At Sinai we recognise the vital role that PE has to play in promoting a long-term healthy lifestyle that is both enjoyable and rewarding. We aim to provide a high-quality physical education curriculum that inspires all of our pupils to succeed and excel in competitive sport and other physically demanding activities. Physical education is at the forefront of our school culture and we believe this will enhance academic achievement, as well as the health and well-being of our pupils.

“A high-quality physical education curriculum inspires all pupils to succeed and excel in competitive sport and other physically-demanding activities. It should provide opportunities for pupils to become physically confident in a way which supports their health and fitness. Opportunities to compete in sport and other activities build character and help to embed values such as fairness and respect. “

The Primary National Curriculum for PE can be downloaded here

Current Practice at Sinai School 

The aim is for all children at Sinai to be physically active every day. Therefore, we provide a broad range of daily activities for children to be active and develop a love for sport. Children will experience a variety of sports that help improve and maintain levels of fitness, and teach them how to use their bodies to their full potential. Competition is used to motivate the children to achieve their best and to strive to improve themselves. 83% of our current Year 6 cohort have met the National Curriculum swimming requirement.

How to help at home

All children aged five or over should be physically active for at least one hour a day.

Physical activity helps children:

  • grow strong muscles and bones
  • maintain a healthy weight
  • discover the world around them
  • build their confidence

You can help by encouraging your child to find activities they enjoy and building physical activity into family life.

10 ways to make exercise fun

  1. Walk, scooter or cycle to and from school together as often as possible. Read about the health benefits of cycling.
  2. Build a den or treehouse with them in the school holidays. Or, under supervision, encourage them to climb a tree or two.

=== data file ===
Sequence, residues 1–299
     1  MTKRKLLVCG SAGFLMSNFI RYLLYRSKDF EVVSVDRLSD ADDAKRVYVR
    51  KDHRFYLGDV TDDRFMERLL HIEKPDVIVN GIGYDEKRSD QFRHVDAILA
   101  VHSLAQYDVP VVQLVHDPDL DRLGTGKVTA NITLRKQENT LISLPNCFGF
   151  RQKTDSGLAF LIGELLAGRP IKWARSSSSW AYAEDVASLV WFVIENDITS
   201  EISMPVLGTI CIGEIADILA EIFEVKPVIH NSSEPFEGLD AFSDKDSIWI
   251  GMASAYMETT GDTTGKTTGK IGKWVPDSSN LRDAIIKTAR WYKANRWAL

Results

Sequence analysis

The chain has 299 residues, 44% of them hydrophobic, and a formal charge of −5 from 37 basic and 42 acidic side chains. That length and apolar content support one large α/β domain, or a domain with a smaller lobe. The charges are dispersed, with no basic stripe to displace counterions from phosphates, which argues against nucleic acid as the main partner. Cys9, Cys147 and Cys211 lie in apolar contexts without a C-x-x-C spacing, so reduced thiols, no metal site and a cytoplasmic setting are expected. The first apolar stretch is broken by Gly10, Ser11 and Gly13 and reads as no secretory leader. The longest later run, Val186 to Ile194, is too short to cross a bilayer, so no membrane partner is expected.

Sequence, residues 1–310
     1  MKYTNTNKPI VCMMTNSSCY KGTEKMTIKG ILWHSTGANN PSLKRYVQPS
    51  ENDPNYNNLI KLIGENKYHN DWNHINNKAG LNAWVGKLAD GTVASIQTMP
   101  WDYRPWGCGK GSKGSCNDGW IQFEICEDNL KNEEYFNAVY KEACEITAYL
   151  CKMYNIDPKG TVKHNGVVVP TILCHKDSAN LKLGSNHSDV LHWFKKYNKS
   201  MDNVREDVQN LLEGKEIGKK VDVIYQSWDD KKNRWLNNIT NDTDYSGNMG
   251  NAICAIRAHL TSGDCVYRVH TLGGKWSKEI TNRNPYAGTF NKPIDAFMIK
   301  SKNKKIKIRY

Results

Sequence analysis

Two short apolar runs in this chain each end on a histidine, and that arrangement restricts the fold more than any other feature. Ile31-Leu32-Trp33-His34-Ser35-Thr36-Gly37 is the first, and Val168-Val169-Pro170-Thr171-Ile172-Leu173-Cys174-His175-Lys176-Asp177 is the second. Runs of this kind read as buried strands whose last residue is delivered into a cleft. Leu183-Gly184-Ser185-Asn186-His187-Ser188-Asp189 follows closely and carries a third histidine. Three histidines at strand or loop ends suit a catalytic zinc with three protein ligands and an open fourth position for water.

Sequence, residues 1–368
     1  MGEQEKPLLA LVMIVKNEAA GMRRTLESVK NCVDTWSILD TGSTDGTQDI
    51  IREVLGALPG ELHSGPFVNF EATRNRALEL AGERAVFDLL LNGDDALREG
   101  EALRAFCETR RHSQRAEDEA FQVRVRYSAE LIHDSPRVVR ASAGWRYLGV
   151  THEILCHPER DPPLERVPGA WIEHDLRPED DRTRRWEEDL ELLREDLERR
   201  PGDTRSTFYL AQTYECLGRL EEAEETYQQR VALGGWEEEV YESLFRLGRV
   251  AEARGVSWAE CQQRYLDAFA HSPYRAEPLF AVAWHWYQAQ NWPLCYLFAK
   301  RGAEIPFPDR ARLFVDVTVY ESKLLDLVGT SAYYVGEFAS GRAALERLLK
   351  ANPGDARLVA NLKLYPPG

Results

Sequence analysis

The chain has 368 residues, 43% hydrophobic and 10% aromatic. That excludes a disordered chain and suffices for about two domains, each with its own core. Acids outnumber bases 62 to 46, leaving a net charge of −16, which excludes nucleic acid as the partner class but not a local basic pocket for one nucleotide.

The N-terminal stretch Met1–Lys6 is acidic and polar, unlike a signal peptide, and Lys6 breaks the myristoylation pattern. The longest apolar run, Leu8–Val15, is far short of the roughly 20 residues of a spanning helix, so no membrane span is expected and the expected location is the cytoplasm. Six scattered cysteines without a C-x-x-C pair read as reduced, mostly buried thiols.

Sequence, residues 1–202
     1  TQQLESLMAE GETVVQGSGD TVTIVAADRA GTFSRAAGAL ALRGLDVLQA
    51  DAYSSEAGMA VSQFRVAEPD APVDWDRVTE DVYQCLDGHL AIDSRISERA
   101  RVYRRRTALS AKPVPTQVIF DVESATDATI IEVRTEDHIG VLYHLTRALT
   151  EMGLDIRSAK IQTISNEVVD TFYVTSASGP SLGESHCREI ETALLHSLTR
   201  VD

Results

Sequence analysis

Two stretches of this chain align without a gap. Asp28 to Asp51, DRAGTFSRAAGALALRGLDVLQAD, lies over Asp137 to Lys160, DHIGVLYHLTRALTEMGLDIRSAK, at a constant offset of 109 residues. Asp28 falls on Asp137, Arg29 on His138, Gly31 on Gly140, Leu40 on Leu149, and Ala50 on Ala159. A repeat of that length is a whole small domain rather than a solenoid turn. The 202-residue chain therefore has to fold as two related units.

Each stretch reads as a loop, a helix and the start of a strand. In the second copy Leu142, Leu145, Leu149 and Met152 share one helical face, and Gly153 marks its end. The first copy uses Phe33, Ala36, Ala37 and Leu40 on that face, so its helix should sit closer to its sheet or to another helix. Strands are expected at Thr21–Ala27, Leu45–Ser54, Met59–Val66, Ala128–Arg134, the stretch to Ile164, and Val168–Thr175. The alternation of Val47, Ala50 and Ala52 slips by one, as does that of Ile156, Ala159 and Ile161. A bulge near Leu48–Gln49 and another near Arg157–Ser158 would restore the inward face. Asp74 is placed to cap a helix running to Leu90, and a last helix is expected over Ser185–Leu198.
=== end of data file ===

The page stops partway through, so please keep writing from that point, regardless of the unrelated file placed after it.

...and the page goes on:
3. Go roller skating, rollerblading or skateboarding, indoors or outside. In winter, go ice skating.
  4. Do an activity challenge together, such as training for a fun run or charity walk. See the parkrun website for free weekly 5K runs near you.
  5. Take the dog for a walk. If you don’t have one of your own, ask if you can borrow a friend or neighbour’s dog.
  6. Support your kids in sports, clubs or any other activities that may interest them. Joining a weekend club sport encourages them to make a commitment to a team and regular exercise. Find sports and fitness activities in your area.
  7. Find time every weekend to do something active with your children. Play frisbee or football in the park, go trampolining, or try indoor rock climbing.
  8. Fly a kite. The Kite Society of Great Britain has local groups that meet for special flying days where experienced members offer advice and help. Some also run kite-making workshops.
  9. Take a trip to the beach. Beaches offer loads of ways for kids to get active, including games, rock-pooling, swimming, and plenty of running around. Or try an activity-based holiday.
  10. The National Parks website has lists of events like guided walks and children’s fun days to give you ideas for active days out.

You’ll find more advice on getting active as a family on the Change4Life website.

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